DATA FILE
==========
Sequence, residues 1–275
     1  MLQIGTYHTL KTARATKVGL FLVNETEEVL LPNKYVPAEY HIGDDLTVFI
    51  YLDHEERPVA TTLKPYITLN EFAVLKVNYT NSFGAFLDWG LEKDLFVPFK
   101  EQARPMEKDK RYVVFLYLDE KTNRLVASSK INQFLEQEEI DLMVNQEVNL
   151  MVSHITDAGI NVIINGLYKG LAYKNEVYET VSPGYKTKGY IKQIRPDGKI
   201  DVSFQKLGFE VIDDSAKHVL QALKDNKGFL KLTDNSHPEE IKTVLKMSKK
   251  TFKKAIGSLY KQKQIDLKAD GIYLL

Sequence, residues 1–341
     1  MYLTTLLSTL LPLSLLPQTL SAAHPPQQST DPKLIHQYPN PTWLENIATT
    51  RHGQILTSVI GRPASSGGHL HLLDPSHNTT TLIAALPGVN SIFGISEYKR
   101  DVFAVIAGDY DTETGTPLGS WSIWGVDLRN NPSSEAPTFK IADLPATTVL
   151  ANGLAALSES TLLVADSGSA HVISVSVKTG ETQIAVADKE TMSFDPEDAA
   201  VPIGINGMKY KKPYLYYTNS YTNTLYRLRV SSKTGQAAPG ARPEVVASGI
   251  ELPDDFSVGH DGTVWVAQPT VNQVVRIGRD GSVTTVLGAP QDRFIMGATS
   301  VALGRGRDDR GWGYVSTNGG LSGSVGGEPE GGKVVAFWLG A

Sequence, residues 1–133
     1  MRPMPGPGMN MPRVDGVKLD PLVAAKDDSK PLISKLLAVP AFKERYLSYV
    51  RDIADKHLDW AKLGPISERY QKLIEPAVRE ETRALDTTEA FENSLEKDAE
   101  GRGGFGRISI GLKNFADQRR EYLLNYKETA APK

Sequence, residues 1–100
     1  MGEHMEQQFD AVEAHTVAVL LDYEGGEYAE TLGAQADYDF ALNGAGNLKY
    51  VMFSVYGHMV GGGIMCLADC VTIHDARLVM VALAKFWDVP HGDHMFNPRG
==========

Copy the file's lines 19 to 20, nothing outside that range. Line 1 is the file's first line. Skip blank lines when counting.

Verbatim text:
   101  GRGGFGRISI GLKNFADQRR EYLLNYKETA APK

Sequence, residues 1–100